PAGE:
Seeing the Church as I did last week (October 2010) it was incredible to think of this area being constantly charged with the singing of psalms, the hundreds of genuflections, readings in holy scripture, daily offering of Mass, as it had in Beuno's day, and where it has been claimed a school may also have been set up to help in Beuno's own mission,, to take the Faith to North Wales and re-energise it for Christ. Kentigern had designated Asaph to follow his missionary work in Merioneth and so, having established his Llan near his parents and grandparents, Beuno moved North to found great and important monasteries there and take the great Mission of the Holy Dewi in South Wales, which had established llans all over, to North Wales, Pistyll, Clynnog (616AD) and other places - Berriew and Bettws in Powys; Llaynycil, Gwyddelwern, Caruglwch, Penmorva in Gwynedd ; Aberffraw and Trefdraeth in Anglesey .
Establishing a Christian llan meant a basis for orthodox Christianity in a whole region, where young monks and priests could study and grow up in the faith,
Whilst at Llanfeuno, Prince Bugi (Hywgi) became terminally ill and sent for his beloved and only son to give him his blessing. Beuno said to his fellow monks Let three of you remain in this place and I will go to my father, who is very ill' and departed. St Beuno commended them to the King and the people of the country. He then went to his parents' llan and Mass was said in Prince Hywgi's sick room and he received his 'Viaticum' (the 'food for the journey’ ) and made his last confession. His end on this earth was deemed to be 'perfect'.
Beuno  planted an acorn by his father's grave. It grew into a great tree. One branch curved down to the ground and then rose again "and there was a part of this branch in the soil, as at present; and if an Englishman should pass between this branch and the trunk of the tree, he would immediately die; but should a Welshman go, he would in no way suffer." Thus the saint's involvement with Llanfeuno ended.
The llan continued for some hundreds of years until the area was overrun with Saxons and the Church first sacked and looted was rebuilt in stone and finally in Norman times rebuilt on its old site as a stone church, now to be a daughter house of St Clydawg at nearby Clodock (no doubt its association with a miracle worker being the reason the British name was retained). Llanveynoe (the anglicised place name, still giving the real clue to its original founder) was renamed St Peter, although later St Beuno was reinstated.
The Church itself is unremarkable and simple with its sanctuary now an undivided chancel, Nave and bellcote built of local sandstone. The eastern wall has two windows which appear to be modern, and also the north wall. Between the two windows is a blocked 13th century lancet window. In the south wall are two more modern windows and there is a much restored doorway to the vestry and west of that is a modern doorway and porch. In 1675, Jane Gunter, possibly a Catholic of the famous Catholic Abergavenny Gunter family left 5 shillings' for the glazeing of the North Wyndow of the Chapelll of Llanveynoe'.

Side of the Church(North Wall)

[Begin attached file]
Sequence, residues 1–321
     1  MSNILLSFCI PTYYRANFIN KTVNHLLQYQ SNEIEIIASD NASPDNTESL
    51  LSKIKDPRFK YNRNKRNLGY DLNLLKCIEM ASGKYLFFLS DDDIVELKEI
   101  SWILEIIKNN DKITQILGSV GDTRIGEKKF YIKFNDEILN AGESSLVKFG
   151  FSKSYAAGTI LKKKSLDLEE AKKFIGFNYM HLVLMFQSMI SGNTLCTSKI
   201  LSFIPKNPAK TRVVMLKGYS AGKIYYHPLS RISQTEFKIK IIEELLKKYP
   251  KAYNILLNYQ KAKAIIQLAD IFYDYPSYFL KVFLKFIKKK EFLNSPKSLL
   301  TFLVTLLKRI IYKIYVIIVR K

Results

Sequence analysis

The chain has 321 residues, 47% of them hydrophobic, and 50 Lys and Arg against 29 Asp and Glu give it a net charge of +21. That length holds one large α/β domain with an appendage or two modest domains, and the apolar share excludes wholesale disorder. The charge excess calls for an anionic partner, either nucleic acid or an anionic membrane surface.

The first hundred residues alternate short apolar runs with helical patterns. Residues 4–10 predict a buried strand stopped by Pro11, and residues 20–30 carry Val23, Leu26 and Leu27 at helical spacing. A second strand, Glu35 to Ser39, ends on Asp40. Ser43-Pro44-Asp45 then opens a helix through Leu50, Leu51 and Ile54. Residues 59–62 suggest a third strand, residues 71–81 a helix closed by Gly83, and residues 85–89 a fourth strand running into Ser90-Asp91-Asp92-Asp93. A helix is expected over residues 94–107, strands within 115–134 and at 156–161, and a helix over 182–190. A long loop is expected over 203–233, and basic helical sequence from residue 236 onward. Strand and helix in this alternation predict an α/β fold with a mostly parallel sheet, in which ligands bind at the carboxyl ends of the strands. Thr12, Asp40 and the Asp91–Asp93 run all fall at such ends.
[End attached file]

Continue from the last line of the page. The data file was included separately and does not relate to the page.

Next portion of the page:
I am grateful to Priscilla Flower-Smith of the parish for her guide notes at Llanveynoe Church.

The pictures below show details of the crosses of this important monastery and also the land on which the original monastery buildings would have been erected.





In common with the Desert Fathers, the men at Llanfeuno would have praised God in his creation, looking over the valleys as they went about their work, singing the psalms at sunrise to sunset and through the night, in a fiercely ascetic way, not at all the fuzzy 'Celtic' feel of the 'new age nostalgia'. These were men who stood in freezing water up to their arms in order to atone for their sins. They were in communion with Rome, even though at that time only Bishops had to be celibate. Of course most people then lived on the land and not in the towns and many villages were depopulated because of the plague and because of landowners being given the church lands and then throwing the people off it.

I drove a little way up the golden valley and looked down over Llanthony and Cwmyoy. These hills were called 'Hatterall' but mean 'At y Heul' Towards the Sun.
It should not be forgotten also that the entire area was not far from Capel Dewi itself, the original cell of St David at Llanthony

The Llan area lies beneath this field, where the monks lived and worked.



The llan was quite extensive....with the hills behind


Black Mountains and Hatterall Hill




A farm near Llanveynoe, similar to the occupation of the monks and their families and retainers



It was Beuno's great missionary zeal - and his greatest work was in North Wales - which made him one of the most famous of the early Welsh Saints. Perhaps, however it was his part in the early training of the nun, St Gwenfrewi of Trefynnon (Holywell) which made him best known in our time. He was instrumental after her encounter with the lusty Caradoc in her resuscitation and future life as a nun in Henllan and then in Gwytherin, and then as Patroness of Wales and the most famous of the Welsh Saints today, where her shrine at Holywell is attended by tens of thousands every year.